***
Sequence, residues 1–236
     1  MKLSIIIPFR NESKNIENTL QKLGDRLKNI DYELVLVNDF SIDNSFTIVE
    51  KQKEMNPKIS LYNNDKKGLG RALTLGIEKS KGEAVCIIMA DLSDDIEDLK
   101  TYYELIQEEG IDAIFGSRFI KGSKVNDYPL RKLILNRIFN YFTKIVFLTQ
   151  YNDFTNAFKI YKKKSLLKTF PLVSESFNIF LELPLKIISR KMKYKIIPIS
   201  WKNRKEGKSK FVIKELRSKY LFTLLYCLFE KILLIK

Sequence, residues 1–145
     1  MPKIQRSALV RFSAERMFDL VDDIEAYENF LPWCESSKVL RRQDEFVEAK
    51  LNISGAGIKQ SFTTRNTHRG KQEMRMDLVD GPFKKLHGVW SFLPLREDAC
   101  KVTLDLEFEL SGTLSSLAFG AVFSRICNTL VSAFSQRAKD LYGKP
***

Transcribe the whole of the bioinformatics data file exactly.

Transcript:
Sequence, residues 1–236
     1  MKLSIIIPFR NESKNIENTL QKLGDRLKNI DYELVLVNDF SIDNSFTIVE
    51  KQKEMNPKIS LYNNDKKGLG RALTLGIEKS KGEAVCIIMA DLSDDIEDLK
   101  TYYELIQEEG IDAIFGSRFI KGSKVNDYPL RKLILNRIFN YFTKIVFLTQ
   151  YNDFTNAFKI YKKKSLLKTF PLVSESFNIF LELPLKIISR KMKYKIIPIS
   201  WKNRKEGKSK FVIKELRSKY LFTLLYCLFE KILLIK

Sequence, residues 1–145
     1  MPKIQRSALV RFSAERMFDL VDDIEAYENF LPWCESSKVL RRQDEFVEAK
    51  LNISGAGIKQ SFTTRNTHRG KQEMRMDLVD GPFKKLHGVW SFLPLREDAC
   101  KVTLDLEFEL SGTLSSLAFG AVFSRICNTL VSAFSQRAKD LYGKP